Lessons from the Palin email hack

Now that the information has started to filter in about the infamous hack on Sarah Palin’s Yahoo email account, we can take a look at what happened, and take a look at what it means for you and me. From a political perspective of course, it means we now know that Ms. Palin doesn’t pay much attention to laws governing transparency of government documents–and an email is considered a government document–but beyond that, it means that we as non-government email users should think twice before using a free public email service for business of any kind.

The hacker, who has since been identified, said in some reports that hacking the email was “easy.” According to reports it was done through a simple password reset, where the hacker simply reset the account by guessing basic questions. The security question element of password security may not be as invulnerable as we think, especially if you’re a public figure. An hour or two on Google will yield a tremendous amount of information on the victim, and would very likely provide information necessary to guess the security questions. Seriously, how hard is it to find out what high school any elected official went to? Or what their middle name is, or spouse’s name, or even dog’s name? Not that hard.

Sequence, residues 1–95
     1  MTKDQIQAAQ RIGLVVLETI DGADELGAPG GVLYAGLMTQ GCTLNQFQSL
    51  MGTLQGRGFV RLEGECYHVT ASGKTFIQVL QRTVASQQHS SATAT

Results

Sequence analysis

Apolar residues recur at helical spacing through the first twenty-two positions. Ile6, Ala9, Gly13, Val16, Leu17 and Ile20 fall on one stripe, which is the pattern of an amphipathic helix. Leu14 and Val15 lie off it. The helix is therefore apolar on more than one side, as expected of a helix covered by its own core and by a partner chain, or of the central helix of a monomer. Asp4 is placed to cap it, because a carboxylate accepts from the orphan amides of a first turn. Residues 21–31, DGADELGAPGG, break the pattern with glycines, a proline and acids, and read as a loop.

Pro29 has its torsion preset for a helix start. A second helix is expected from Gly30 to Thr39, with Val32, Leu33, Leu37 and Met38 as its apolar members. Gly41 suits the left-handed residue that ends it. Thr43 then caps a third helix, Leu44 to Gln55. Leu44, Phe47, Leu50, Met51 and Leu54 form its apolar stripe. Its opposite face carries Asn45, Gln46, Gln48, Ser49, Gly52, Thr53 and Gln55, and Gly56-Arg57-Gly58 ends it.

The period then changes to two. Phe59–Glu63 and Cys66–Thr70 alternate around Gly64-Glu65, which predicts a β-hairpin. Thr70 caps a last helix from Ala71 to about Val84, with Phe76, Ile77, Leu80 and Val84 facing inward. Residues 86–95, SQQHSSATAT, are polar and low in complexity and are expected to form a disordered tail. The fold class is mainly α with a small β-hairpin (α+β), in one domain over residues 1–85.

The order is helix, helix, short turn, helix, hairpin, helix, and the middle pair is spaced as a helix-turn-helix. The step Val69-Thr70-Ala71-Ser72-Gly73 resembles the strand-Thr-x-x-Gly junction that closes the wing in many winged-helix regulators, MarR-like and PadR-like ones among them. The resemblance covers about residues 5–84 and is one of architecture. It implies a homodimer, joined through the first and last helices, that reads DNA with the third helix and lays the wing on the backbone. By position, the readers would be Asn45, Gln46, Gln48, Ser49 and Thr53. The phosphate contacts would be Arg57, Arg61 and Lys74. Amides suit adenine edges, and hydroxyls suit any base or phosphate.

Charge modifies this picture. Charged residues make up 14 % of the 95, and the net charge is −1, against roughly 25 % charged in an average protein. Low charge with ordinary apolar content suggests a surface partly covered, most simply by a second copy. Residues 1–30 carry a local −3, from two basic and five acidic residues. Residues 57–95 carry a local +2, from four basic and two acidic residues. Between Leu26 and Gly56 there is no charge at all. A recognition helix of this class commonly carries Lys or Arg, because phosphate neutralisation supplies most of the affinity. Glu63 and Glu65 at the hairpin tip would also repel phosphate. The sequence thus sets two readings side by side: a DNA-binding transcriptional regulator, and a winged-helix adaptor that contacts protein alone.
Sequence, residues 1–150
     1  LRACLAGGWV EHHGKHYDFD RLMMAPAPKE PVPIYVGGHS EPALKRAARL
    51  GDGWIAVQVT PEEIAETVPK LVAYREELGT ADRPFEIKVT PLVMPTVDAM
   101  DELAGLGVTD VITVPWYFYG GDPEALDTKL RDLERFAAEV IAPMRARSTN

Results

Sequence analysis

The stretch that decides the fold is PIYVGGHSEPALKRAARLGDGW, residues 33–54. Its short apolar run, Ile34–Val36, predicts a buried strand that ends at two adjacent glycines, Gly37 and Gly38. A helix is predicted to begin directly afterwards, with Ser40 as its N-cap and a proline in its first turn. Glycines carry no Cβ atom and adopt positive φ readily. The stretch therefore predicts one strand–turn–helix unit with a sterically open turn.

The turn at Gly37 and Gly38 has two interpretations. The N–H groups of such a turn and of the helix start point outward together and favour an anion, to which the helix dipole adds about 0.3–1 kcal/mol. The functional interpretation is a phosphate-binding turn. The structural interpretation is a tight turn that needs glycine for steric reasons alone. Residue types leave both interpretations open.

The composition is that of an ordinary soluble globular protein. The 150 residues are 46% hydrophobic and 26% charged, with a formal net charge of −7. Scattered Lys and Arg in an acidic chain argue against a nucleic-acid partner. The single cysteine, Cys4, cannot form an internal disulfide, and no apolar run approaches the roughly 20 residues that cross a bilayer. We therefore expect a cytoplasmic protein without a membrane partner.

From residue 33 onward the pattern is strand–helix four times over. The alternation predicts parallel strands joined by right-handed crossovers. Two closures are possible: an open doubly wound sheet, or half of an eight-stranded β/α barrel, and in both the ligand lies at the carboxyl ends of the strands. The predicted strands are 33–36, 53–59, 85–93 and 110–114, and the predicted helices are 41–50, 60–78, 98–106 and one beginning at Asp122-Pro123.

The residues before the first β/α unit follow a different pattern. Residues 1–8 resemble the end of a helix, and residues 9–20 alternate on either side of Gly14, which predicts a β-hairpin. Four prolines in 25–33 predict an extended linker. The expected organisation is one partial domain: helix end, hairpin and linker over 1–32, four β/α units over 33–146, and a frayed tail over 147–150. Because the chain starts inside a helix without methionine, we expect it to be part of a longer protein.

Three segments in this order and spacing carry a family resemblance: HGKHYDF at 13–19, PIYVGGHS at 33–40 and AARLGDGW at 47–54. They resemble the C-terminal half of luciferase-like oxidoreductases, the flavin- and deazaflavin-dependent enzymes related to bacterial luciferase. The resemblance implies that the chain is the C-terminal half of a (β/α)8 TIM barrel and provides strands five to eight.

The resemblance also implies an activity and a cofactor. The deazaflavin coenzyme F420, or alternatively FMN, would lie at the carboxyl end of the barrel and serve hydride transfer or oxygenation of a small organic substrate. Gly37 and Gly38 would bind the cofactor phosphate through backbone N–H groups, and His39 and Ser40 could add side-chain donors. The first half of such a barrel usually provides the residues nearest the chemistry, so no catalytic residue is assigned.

So are you or your employees using Yahoo for business? Bad idea. And it’s not just Yahoo, there’s nothing particularly more vulnerable about Yahoo than any other free email. It’s the same with Gmail and Hotmail. All have automated password reset mechanisms that can easily be hacked by those who want to take the time to do a little research and make guesses as to the answers to security questions. Besides not using free public email, another policy item for consideration is to make self-service password reset mechanisms more difficult. Users can easily do this by making the answer incorrect or counter-intuitive, or including numeric characters within the response; for example, if the security question is, “What is your dog’s name,” and your dog is Rover, specify your answer as “R1v2r.”

Written by Dan Blacharski

The corporate world unceremoniously booted Dan Blacharski out of his cubicle over 15 years ago, and he’s never looked back. Since that time, he has been a full-time professional freelance writer, public relations consultant and analyst, and has published six books and thousands of articles. He divides his time between South Bend, Indiana and Bangkok, and married the renowned Thai writer Charoenkwan Prakthong in 2005. He and his wife enjoy traveling the world, and spending time with their Boston Terrier, Pladook.

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